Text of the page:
During a routine pregnancy check-up, the doctor will observe the development of the size and weight of the fetus in the womb and then compare it with gestational age. A simple way to do this is to observe the increase in weight and size of the uterus as the pregnancy progresses.

Apart from that, the doctor can also do a pregnancy ultrasound to see the growth and development of the baby in the womb and take pictures of the head, abdomen and upper limb bones to estimate the baby's weight.

Low Birth Weight Treatment

Almost all LBW babies require hospital care. The treatment given will be adjusted to the symptoms, severity of the condition, gestational age, and the baby's overall health condition.

LBW babies with complications, such as immature lungs or intestinal problems, need to be treated in the neonatal intensive care unit (NICU). In this room, the baby will be placed in a bed with an adjusted temperature. The baby's nutritional intake will also be arranged in such a way per day.

New LBW babies are allowed to go home from the hospital if their weight has reached the target or after complications have been overcome and the mother can give breast milk normally.

For mothers of LBW babies, doctors will recommend breastfeeding. This is because breast milk can support the growth, endurance, and weight gain of the baby. If the mother cannot give breast milk, the baby can be given breast milk from a donor .

LBW babies can catch up with their growth over time. However, to ensure that their development goes well, LBW babies need to undergo regular check-ups to the doctor on a regular basis after returning from the hospital.

Complications of Low Birth Weight

LBW babies can experience postnatal complications, especially if the baby is born prematurely. The lower the baby's birth weight, the higher the risk of complications. Complications that can arise due to low birth weight (LBW) include:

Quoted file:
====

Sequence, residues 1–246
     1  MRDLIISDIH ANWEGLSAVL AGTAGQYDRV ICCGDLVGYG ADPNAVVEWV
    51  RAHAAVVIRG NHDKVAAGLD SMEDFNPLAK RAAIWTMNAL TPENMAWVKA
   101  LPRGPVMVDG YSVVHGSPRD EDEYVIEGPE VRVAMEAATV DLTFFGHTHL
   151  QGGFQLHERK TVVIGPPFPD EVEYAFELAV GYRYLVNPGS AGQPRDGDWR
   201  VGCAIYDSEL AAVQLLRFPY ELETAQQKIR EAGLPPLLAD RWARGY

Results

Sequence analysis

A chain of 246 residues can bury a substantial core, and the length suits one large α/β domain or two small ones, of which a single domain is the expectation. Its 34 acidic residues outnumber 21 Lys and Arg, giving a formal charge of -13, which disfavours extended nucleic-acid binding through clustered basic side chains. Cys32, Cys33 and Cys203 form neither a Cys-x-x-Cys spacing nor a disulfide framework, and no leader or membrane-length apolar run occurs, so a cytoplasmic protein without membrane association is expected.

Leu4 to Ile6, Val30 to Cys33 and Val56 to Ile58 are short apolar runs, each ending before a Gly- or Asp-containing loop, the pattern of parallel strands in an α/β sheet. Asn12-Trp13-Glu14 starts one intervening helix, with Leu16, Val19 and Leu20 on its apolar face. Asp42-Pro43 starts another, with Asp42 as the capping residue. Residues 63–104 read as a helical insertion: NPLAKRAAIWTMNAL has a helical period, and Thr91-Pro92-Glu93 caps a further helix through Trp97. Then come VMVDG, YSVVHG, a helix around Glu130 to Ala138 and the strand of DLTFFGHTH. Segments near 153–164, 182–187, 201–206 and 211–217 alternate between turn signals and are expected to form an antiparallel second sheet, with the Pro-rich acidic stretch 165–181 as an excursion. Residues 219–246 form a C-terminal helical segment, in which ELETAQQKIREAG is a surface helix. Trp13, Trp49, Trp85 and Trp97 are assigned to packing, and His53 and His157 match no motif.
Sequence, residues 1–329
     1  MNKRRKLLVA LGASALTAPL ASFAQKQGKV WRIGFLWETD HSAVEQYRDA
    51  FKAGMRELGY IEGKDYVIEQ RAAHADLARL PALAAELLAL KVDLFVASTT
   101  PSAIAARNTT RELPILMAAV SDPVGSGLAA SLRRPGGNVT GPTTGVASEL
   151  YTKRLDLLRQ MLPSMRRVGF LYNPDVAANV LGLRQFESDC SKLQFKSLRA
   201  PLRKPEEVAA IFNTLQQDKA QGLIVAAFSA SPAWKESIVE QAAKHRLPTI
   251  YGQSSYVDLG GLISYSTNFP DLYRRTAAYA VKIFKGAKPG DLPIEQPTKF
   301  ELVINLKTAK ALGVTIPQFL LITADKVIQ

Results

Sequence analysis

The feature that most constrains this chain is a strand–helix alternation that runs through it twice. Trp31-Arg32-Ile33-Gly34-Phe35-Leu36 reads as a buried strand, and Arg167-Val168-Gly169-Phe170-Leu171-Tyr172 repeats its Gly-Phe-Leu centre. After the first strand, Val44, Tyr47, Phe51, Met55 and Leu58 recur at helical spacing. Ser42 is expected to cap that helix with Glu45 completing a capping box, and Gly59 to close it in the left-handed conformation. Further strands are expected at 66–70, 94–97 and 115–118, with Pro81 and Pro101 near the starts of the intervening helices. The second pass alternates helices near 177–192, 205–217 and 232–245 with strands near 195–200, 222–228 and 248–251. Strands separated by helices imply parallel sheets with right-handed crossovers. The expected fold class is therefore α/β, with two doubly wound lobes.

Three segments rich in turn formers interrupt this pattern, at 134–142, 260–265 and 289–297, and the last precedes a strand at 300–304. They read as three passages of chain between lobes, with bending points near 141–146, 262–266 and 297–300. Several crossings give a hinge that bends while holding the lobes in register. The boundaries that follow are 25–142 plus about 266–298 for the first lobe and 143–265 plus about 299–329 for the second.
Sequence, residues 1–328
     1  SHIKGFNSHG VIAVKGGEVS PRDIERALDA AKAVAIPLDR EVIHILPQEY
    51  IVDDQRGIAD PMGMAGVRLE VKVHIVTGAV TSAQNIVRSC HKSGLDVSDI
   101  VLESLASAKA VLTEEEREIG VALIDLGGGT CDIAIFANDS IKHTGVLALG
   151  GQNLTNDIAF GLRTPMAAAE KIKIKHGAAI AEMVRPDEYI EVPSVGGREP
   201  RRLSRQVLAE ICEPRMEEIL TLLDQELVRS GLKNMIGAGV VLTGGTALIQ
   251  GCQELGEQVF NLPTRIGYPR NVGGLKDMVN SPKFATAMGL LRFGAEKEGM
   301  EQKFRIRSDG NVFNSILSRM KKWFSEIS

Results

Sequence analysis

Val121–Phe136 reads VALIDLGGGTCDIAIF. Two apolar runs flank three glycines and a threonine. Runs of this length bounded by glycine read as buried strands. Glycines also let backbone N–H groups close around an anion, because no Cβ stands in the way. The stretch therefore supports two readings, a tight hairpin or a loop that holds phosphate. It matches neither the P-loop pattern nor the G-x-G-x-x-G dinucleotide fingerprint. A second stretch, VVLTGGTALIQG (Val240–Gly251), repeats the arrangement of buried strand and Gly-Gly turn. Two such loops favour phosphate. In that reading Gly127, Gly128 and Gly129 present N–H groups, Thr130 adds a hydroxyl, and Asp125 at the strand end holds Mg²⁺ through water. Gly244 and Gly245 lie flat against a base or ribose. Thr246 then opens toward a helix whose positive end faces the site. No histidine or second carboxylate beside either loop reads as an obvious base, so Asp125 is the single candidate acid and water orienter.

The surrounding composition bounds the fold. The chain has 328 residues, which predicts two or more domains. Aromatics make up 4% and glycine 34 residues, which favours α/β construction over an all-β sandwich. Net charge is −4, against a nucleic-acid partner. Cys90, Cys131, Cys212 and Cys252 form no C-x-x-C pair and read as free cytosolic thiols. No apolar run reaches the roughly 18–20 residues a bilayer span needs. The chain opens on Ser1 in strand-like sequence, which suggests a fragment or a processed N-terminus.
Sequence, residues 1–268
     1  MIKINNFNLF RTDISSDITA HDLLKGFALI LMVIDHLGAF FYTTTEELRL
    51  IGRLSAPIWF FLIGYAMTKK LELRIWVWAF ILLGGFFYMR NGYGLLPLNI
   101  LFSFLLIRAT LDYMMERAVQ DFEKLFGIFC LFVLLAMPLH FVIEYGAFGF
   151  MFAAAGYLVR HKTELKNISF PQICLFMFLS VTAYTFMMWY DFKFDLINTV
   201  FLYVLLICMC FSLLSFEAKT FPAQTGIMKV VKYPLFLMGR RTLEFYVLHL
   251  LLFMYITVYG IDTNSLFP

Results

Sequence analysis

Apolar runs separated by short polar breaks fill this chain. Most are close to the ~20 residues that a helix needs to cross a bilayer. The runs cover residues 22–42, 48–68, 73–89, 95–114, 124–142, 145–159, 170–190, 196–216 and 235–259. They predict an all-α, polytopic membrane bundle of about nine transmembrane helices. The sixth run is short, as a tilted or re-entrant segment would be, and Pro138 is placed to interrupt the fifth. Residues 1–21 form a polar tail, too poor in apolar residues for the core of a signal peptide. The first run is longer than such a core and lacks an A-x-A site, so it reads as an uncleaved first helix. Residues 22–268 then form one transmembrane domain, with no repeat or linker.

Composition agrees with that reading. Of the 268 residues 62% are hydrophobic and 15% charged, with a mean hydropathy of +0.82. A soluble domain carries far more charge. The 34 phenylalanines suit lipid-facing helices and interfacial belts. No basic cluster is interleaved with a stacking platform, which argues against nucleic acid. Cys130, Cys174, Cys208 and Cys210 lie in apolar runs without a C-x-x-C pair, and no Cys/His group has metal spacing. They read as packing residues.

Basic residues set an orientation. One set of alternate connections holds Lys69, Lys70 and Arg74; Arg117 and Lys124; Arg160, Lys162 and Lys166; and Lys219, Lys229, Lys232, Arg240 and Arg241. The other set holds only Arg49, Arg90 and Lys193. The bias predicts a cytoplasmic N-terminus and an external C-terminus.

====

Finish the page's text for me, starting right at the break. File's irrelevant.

• Low oxygen levels at birth
  • Difficulty maintaining body temperature to stay warm at normal temperatures
  • Infection
  • Impaired development of the lungs or other organs
  • Breathing problems, such as infant respiratory distress syndrome
  • Disorders of the nervous system, such as bleeding in the brain
  • Intestinal problems, such as necrotizing enterocolitis
  • Low blood sugar levels ( hypoglycemia )
  • Too many red blood cells that make the blood too thick ( polycythemia )
  • Sudden death or sudden infant death syndrome ( SIDS )

Some LBW babies can also experience developmental delays, blindness, deafness, and cerebral palsy . In adulthood, most LBW babies are more at risk of developing diabetes and heart disease.

Prevention of Low Birth Weight

As explained above, the main cause of low birth weight (LBW) is premature birth. Therefore, the best way to prevent LBW is to avoid premature birth.

This prevention can be done by undergoing regular pregnancy checks to the obstetrician. In addition, also do the following things to maintain the health condition of the mother and fetus during pregnancy:

  • Eat healthy food so that nutrition for the mother and fetus is always fulfilled
  • Do not consume alcoholic beverages , smoke, or use drugs
  • Keeping intimate organs clean during pregnancy
  • Manage stress well